In mid January, the Bruin Alumni association offered students $100 to tape leftwing professors at the University of California Los Angeles. The association effectively had one dedicated member, 24-year-old Republican Andrew Jones. It also had one dedicated aim: "Exposing UCLA's most radical professors" who "[proselytise] their extreme views in the classroom".
Shortly after the $100 offer was made, Jones mounted a website, uclaprofs.com, which compiled the Dirty 30 - a hit list of those he considered the most egregious, leftwing offenders. Top of the list was Peter McLaren, a professor at the UCLA's graduate school of education. Jones branded McLaren a "monster". "Everything that flows from Peter McLaren's mouth and pen is deeply, inextricably radical," wrote Jones. "In keeping with the left's identity politics he has been a friend to the gay community."
McLaren was shocked. "I was away when the story broke and when I came back there were 87 messages waiting for me. I was surprised a list like that could be created in these times. I thought, 'Wow, somebody's out there reading my work fairly carefully.'" The main impact, he says, was to try to insulate those close to him from the fallout. "I had to take down lots of things from my website - family pictures and contacts with other people. I didn't want other people to pay the price."
Also among the Dirty 30 was history professor Ellen DuBois. She was described as, "in every way the modern female academic: militant, impatient, accusatory and radical - very radical". DuBois told the Los Angeles Times, "This is a totally abhorrent invitation to students to participate in a witch hunt against their professors."
McLaren, who describes himself as a marxist-humanist, agrees. He believes the list was a McCarthyite attack on academe, with the aim of softening up public hostility for a more propitious moment: "This is a low-intensity campaign that can be ratcheted up at a time of crisis. When there is another crisis in this country and this country is in an ontological hysteria, an administration could use that to up the ante. I think it represents a tendency towards fascism."
Six weeks after Jones released his list, two Los Angeles county sheriffs arrived unannounced at Professor Miguel Tinker-Salas's office at Pomona College and started asking questions. Tinker-Salas, a Latin American history professor, was born in Venezuela and is a vocal critic of US policy in the region. The sheriffs, part of a federal anti-terrorism task force, told him that he was not the subject of an investigation. Then, for the next 25 minutes they quizzed him on whether he had been influenced in any way by or had contact with the Venezuelan government, on the leadership within the local Venezuelan community, the consulate and the embassy. Then they questioned his students about the content of his classes, examined the cartoons on his door. "They cast the Venezuelan community as a threat," says Tinker-Salas. "I think they were fishing to see if I had any information they could use."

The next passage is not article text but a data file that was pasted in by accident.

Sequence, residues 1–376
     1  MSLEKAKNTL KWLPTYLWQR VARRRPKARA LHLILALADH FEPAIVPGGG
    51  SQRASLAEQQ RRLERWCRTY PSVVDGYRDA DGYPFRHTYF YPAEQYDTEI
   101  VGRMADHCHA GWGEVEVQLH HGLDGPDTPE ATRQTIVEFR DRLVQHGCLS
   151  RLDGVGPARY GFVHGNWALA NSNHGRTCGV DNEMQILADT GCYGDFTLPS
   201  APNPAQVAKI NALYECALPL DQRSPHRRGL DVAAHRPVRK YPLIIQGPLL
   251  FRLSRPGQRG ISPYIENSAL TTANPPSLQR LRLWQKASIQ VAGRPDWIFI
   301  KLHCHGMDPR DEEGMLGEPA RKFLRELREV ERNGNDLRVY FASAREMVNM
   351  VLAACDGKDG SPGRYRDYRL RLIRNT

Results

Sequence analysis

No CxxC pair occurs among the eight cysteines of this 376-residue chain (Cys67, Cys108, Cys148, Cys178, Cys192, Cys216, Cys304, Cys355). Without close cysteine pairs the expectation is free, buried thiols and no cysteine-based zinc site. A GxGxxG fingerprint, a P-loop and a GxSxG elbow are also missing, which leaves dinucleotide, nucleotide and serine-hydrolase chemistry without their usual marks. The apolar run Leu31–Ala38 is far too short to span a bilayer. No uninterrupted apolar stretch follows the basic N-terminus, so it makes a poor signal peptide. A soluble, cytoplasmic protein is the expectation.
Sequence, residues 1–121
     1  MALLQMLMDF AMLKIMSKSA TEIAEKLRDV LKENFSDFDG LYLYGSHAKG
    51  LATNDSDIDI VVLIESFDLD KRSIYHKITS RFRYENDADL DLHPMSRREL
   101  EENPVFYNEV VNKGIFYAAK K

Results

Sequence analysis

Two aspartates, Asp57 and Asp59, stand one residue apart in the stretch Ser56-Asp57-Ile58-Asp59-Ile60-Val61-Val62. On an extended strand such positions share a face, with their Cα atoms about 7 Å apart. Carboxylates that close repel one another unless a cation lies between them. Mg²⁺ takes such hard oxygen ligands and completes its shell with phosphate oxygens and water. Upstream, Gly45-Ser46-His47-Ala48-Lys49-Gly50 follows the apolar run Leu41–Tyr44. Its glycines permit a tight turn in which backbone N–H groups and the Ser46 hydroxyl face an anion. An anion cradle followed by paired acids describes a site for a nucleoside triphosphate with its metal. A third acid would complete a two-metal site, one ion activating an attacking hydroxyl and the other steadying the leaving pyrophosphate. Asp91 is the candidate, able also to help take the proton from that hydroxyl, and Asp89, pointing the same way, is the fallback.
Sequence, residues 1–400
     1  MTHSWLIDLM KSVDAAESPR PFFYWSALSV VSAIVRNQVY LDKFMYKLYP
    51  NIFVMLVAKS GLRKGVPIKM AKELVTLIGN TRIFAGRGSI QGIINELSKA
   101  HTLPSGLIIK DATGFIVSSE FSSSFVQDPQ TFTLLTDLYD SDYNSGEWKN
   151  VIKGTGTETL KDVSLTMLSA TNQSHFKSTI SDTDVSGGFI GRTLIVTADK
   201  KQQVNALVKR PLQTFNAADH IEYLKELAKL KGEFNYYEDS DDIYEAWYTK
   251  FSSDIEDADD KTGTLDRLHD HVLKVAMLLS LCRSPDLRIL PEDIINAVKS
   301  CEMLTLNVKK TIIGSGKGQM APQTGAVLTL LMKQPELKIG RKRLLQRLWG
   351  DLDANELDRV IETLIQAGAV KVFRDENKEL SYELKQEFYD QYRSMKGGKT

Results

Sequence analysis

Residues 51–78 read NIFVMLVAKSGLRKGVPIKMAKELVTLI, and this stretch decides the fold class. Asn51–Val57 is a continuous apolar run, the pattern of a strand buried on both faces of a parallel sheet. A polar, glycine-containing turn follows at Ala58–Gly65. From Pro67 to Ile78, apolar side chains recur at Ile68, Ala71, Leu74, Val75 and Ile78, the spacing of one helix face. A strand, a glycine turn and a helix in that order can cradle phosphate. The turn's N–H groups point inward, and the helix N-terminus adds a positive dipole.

Pomona's president, David Oxtoby, says he was "extremely concerned about the chilling effect this kind of intrusive government interest could have on free scholarly and political discourse."
Last year, some students at the Department of Middle Eastern and Asian Languages and Cultures at Columbia University ran a campaign against alleged anti-Israeli bias among professors, criticising the university as a place where pro-Israeli students were intimidated and faculty members were prejudiced. A faculty committee appointed by Columbia concluded that there had been no serious misconduct.
These issues are not confined to university campuses: it is also happening in schools. Since February, the normally sleepy, wealthy district of Upper St Clair in Pennsylvania has been riven with arguments over its curriculum after the local school board banned the International Baccalaureate (IB), the global educational programme, for being an "un-American" marxist and anti-Christian. During their election campaign, the Republicans of Upper St Clair referred to the IB, which is offered in 122 countries and whose student intake has risen by 73% worldwide in the past five years, as though it was part of an international communist conspiracy, suspicious of a curriculum that had been "developed in a foreign country" (Switzerland). "Our country was founded on Judeo-Christian values and we have to be careful about what values our children are taught," said one Republican board member. Similar campaigns have also sprung up recently at school boards in Minnesota and Virginia.
Meanwhile, in January in Aurora, Colorado, social studies teacher Jay Bennish answered questions in his world geography class about President George Bush's speech from his students at Overland High School. Caricaturing Bush's speech, Bennish said, "'It's our duty as Americans to use the military to go out into the world and make the world like us.'" He then continued: "Sounds a lot like the things Adolf Hitler used to say: 'We're the only ones who are right, everyone else is backwards and it's our job to conquer the world and make sure they all live just like we want them to.' Now I'm not saying that Bush and Hitler are exactly the same. Obviously they're not, OK? But there are some eerie similarities to the tones they use."
Unbeknown to him, one 16-year-old student, Sean Allen, recorded part of the class on his MP3 player. When his Republican father heard it he was so incensed that he shopped it around to local conservative radio stations, where it finally found a home with radio talk-show host Mike Rosen.
Later in Bennish's class, the teacher had told his students, "I am not in any way implying that you should agree with me. I don't even know if I'm necessarily taking a position. But what I'm trying to get you to do is to think, all right, about these issues more in depth, and not just take things from the surface. And I'm glad you asked all your questions because they're all very good, legitimate questions." Rosen only played the first part of the tape on his programme. He also put it on the internet.